The Washington PostDemocracy Dies in Darkness

Opinion Qatar’s glittery World Cup disguises a dark reality

Children stand next to the official countdown clock showing remaining time until the kickoff of the 2022 World Cup, in Doha, Qatar, on Nov. 25, 2021. (Darko Bandic/AP)

Natasha Iskander is an associate professor of urban planning and public policy at New York University and the author of “Does Skill Make Us Human?: Migrant Workers in 21st Century Qatar and Beyond.”

Qatar is hosting the most expensive FIFA World Cup ever, with ticket prices nearly 50 percent higher than the previous games, in Russia in 2018. The lowest-priced ticket on sale internationally costs $302, and the cheap seats for the final will set you back $604.

The cheap seats will be hard to come by — there are 60 percent less than at the last World Cup. But if you can get one, the stadium you’ll be sitting in will be state-of-the-art. The eight new stadia clustered around Doha are dazzling feats of architectural design and engineering, all of them fulfilling Qatar’s World Cup initial slogan of “Expect Amazing.”

Meanwhile, the workers who built the stadia where the games will be held — who perhaps even installed the seat you’ll be sitting in — generally don’t make enough in a month to buy a ticket. The minimum wage for a construction worker in Qatar, which only came into force in 2021 after a sustained campaign for workers’ rights by international human rights organizations and labor unions, runs a few cents short of $275 a month. For less than the price of a seat to watch one game, migrant workers broke their bodies, endured extreme heat, and faced degrading working conditions to build the sporting and tourist infrastructure for the World Cup.

Over the past 10 years, hundreds of thousands of men have traveled to Qatar to build these structures. Migrants from all over the world — from Mozambique to Nepal, from Egypt to the Philippines — worked hard 10-hour days, six days a week, to raise stadia out of the desert, but also to build luxury residential developments, construct museums and cultural spaces, and lay down new geometric islands in Qatar’s glistening bay.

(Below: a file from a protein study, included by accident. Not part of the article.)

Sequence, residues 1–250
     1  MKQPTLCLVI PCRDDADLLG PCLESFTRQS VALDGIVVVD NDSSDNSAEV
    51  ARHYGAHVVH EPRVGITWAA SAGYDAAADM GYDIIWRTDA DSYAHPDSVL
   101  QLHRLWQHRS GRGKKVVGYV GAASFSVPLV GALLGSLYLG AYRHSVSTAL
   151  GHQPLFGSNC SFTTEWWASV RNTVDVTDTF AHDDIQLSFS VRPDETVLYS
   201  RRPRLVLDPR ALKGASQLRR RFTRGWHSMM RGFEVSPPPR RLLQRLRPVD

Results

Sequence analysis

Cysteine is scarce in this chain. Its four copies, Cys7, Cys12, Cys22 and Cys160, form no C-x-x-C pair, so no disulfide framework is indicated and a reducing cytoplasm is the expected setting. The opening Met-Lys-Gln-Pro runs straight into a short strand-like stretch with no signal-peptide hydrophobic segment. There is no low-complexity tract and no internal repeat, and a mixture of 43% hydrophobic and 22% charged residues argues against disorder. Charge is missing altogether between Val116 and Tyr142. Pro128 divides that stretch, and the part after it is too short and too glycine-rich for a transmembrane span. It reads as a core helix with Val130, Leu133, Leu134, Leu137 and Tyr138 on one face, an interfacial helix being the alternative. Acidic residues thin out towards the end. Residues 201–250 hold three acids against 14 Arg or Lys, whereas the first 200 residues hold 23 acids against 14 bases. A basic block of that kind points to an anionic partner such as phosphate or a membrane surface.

Day after hot day, scaffolders hauled tons of scaffolding pipes, planks and clamps up the lattice structures they fixed together. Cladders and rope artists craned huge panes of aluminum and glass into the air and then balanced off the edges of buildings to attach the panels. Welders torched metal to create the curved joints of buildings, wrapping their workspaces in fire retardant tarps against the desert wind and enclosing themselves in an excruciating whirlwind of fire and sparks. Workers tore up the ground to excavate deep foundations for towering high-rises or to bore tunnels for Doha’s new metro network, which aims to be the fastest driverless system in the world.

The men who built Qatar’s World Cup were brave. I know because I spent a year on construction projects in Qatar interviewing them and shadowing them on-site. They described the fear that stalked them as they scaled the skeletons of buildings. They spoke about the way the extreme heat — averaging highs of more than 105 degrees Fahrenheit during the summer months — seemed to melt the air and made them feel as if they were drowning. They recounted the rage they swallowed at being asked, under threat of deportation, to do things that violated their company’s safety regulations and that they knew would put them at risk of injury.

During their time in Qatar, they also became highly skilled. Most migrants arrived with minimal construction experience, if any, but they worked hard to learn the advanced construction techniques required to build the stadia and museums that international star architects had imagined. Construction workers in Qatar became experts in their trades, among the most highly specialized in the world. All for $275 a month.

At the end of their shifts, they were bused back to their cramped and often squalid labor camps, banned from the structures and spaces they spent their days building. Qatari law is applied to effectively prohibit construction workers from most of Doha, confining them instead to barracks in the desert. The government runs periodic police sweeps to detain or scrutinize workers caught in Doha’s public spaces. But World Cup spectators need not worry about these things: The parks, malls, museums, hotels, and, of course, stadia around Doha were all built with them in mind.

In the first 24 hours after the lottery to purchase tickets went live last week, fans requested 1.2 million. Those tickets won’t go to migrant construction workers, many of whom will tune in to the games from their homes in Indonesia or Bangladesh or Kenya, or from elsewhere in the world. Others will watch from labor camps outside the gleaming, cheering city of Doha, on their phones or on televisions they pooled their wages to buy.

Yet, no matter who is watching the World Cup — whether it’s a fan who splurged for a ticket to the final or a worker fighting off sleep after a grueling day — all will be watching Qatar’s transformation of the beautiful game into one that uses the labor, bravery and skill of the poor to build thrill and pleasure for the rich.